Education Secretary Arne Duncan is under pressure to crack down on Sallie Mae. Recently, a coalition of workers' rights groups, student organizations, teachers' unions and colleges wrote Duncan to demand that the department prohibit Sallie Mae from servicing federal student loans until the company complies with government rules. They also recommended the Education Department immediately launch a probe of Sallie Mae’s servicing and debt collection practices and publish the results.

Earlier this week, some blogs highlighted the case of Olivia Katbi, the sister of law school student Andrew Katbi, who died with unpaid Sallie Mae loans. Olivia Katbi took to social media to highlight what she described as "soulless" treatment from Sallie Mae that verged on "borderline harassment" to collect the debt from her mother, who had co-signed some of Andrew's loans. Shortly after Olivia Katbi began tweeting about her family's case, the two sides reached a settlement, she said.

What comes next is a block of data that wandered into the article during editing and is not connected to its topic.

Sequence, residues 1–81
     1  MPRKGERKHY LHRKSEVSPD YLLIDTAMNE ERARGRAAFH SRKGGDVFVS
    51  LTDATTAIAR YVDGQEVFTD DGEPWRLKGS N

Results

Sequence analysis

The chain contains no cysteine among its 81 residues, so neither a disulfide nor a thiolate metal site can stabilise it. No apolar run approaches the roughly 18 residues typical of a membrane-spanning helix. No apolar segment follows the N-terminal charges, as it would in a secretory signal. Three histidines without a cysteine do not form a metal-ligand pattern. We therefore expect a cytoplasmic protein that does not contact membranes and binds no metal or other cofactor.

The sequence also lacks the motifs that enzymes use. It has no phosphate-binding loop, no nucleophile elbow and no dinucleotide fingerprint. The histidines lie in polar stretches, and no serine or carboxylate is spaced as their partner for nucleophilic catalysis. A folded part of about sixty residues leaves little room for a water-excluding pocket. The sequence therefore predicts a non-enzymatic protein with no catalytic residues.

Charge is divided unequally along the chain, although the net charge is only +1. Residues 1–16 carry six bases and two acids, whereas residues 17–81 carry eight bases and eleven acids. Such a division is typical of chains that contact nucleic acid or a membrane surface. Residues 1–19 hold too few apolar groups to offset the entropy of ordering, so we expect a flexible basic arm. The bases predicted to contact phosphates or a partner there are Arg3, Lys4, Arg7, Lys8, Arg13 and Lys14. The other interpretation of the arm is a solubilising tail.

"Our hearts go out to the Katbi family," Holler said. "We apologized to them for the delays in resolving this matter."

On a conference call Friday to discuss the company's quarterly earnings with investors and analysts, Jack Remondi, Sallie Mae president and chief executive, lashed out at what he described as "intense media coverage" that "rarely reflects our customer success."

Remondi said default rates among the company's private student loan borrowers are near record lows. Its federal student loan borrowers default at a rate 30 percent lower than the national average, he added. And last year Sallie Mae placed some 2 million borrowers into repayment programs meant to avert default, Remondi said.